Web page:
Auberge Resorts is known throughout the valley for its luxurious, romantic hideaways, Calistoga Ranch in Calistoga and Auberge du Soleil in Rutherford, where some rooms can top $2,000 a night in the high season.
But this summer when the company launched Solage Calistoga, the flagship of what will become a national brand of hotels and spas, it aimed for something more affordable (November-March offseason rates are $325 to $775), more eco- and family-friendly, and in keeping with the local character.
"Calistoga is a little bohemian, home to individuals who make their own way, and very friendly," says general manager Richard Hill.
The 22-acre property, built on a horse pasture, consists of a 20,000-square-foot spa complex, the Solbar restaurant, which serves California cuisine made with sustainable ingredients, and 89 cottages designed with what Hill describes as a "Napa Valley barn meets San Francisco loft" feel. The rooms feature organic linens and hemp curtains, and were built using recycled wood and eco-friendly paint. To conserve energy, the spa's treatment rooms and soaking pool tap hot water from the geothermal springs beneath the property.
But what sets Solage apart are the whimsical touches. Deliveries of luggage and amenities are made via bicycle, and the spa features a modern take on the traditions of soaking in the hot volcanic mud baths and thermal springs that are popular at Calistoga's older spas.
At Solage, spa visitors who book a "mudslide" treatment begin at a "mud bar," where a "bartender" mixes a customized cocktail of fresh mud, essential oils, serum with anti-oxidants and hot thermal water from the springs below. Customers then retire to a private sauna, apply the mud, bake for 10 minutes to draw out toxins, before washing the mess away. Next stop is a 10-minute soak in a tub of geothermal water, followed by a wrap in a down comforter and a session in a "sound chair," where soothing tunes play through headphones and vibrations pulsate through the chair.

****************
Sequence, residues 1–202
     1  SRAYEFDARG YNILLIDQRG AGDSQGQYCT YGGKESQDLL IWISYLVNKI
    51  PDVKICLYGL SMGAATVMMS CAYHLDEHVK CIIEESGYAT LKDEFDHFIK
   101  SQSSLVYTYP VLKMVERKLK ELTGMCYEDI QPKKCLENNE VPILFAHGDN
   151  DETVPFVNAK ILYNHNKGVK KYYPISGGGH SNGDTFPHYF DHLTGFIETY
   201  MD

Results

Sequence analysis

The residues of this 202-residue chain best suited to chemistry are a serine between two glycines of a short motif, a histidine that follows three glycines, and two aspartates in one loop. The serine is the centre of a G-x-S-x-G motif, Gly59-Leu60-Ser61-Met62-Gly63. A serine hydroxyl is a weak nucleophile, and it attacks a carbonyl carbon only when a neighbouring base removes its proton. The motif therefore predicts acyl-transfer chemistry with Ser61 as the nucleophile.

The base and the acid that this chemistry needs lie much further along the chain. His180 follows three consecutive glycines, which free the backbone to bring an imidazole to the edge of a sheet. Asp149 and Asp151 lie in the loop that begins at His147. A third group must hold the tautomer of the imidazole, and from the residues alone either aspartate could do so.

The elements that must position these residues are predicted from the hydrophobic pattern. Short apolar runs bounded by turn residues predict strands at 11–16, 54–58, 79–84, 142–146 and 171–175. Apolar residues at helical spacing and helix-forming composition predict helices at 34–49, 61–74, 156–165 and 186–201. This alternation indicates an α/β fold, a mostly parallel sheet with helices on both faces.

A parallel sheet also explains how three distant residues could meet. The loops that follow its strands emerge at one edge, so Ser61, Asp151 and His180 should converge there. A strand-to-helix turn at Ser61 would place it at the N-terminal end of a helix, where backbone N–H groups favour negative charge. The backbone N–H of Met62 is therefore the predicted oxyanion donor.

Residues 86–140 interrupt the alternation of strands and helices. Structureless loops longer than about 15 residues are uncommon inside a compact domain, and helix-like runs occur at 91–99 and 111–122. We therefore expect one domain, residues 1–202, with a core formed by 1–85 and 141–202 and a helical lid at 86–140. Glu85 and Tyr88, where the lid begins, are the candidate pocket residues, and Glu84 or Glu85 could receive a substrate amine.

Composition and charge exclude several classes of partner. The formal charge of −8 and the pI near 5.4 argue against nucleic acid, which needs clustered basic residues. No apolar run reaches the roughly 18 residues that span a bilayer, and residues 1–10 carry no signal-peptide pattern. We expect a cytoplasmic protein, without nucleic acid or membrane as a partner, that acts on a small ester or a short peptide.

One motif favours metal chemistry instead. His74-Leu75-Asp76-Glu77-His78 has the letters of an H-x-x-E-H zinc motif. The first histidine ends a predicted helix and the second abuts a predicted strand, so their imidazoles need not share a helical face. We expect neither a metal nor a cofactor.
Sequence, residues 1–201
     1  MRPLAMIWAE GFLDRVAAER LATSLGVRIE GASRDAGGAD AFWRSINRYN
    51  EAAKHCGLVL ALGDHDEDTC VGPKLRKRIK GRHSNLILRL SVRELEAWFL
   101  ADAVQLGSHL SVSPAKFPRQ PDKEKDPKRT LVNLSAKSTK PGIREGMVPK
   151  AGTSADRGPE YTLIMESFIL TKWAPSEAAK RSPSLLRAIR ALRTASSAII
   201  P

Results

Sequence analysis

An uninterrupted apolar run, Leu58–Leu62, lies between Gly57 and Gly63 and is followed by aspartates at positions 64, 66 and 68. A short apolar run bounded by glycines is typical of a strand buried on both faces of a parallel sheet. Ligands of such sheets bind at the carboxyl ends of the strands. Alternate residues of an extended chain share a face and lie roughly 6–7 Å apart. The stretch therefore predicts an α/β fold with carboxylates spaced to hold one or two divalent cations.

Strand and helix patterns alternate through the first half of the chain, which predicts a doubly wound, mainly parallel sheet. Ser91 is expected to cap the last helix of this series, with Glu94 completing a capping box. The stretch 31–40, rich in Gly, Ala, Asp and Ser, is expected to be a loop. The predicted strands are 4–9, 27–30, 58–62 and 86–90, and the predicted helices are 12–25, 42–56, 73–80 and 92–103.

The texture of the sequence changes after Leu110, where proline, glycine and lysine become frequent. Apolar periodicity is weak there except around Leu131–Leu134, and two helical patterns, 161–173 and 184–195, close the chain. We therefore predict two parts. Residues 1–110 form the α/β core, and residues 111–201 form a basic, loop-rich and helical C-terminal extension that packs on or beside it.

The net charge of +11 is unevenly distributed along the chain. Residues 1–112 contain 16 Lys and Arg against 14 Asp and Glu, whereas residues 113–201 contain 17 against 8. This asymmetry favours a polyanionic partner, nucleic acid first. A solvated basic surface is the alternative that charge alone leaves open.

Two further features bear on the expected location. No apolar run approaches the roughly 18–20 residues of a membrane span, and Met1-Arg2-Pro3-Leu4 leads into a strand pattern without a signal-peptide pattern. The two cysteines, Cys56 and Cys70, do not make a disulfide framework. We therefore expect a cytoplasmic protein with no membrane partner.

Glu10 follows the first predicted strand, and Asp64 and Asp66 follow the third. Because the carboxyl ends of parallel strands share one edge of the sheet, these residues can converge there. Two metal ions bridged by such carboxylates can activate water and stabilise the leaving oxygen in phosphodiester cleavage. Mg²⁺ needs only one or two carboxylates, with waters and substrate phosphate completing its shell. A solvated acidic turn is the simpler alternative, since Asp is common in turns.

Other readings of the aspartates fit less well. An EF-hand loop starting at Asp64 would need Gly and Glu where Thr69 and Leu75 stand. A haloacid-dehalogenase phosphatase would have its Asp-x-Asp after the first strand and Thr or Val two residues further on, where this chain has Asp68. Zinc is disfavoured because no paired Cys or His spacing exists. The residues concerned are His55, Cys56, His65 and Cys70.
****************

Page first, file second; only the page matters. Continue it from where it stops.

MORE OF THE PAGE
"The approach may seem tongue-in-cheek, but it's steeped in traditional healing modalities and aromatherapy principles," says spa director Peggy Francis.
Get a wine tune-up
If Todd Miller can get the permits squared away by next harvest, he'll crush grapes in the parking lot of a former gas station that he leases, ferment the juice in the garage, then dispense the wine from a keg into screw-capped jugs that customers bring with them. If that sounds déclassé, well, that's the point.
"This is an antidote to the trophy-wine obsession in the rest of the valley," says Miller, who runs an adjoining store called Wine Garage with his wife, Joy.
Since they opened the shop in 2003, the Millers have done a booming business selling only wines that cost $25 or less ($2 million worth this year). "We're down-to-earth people selling to down-to-earth customers, the people who make this valley what it is."
The Millers keep costs low by maintaining a bare-bones retail space — bottles are displayed in cardboard boxes — and seeking out lesser-known labels from the region. Miller aims to install a wine bar and deli by next spring that will allow customers to taste any of the 350 brands in the store.
"There's an ocean out there of good $25 wines," he says. "But wine is shrouded in mystery and intimidation and people don't know how to get into it. We're making it easy for them."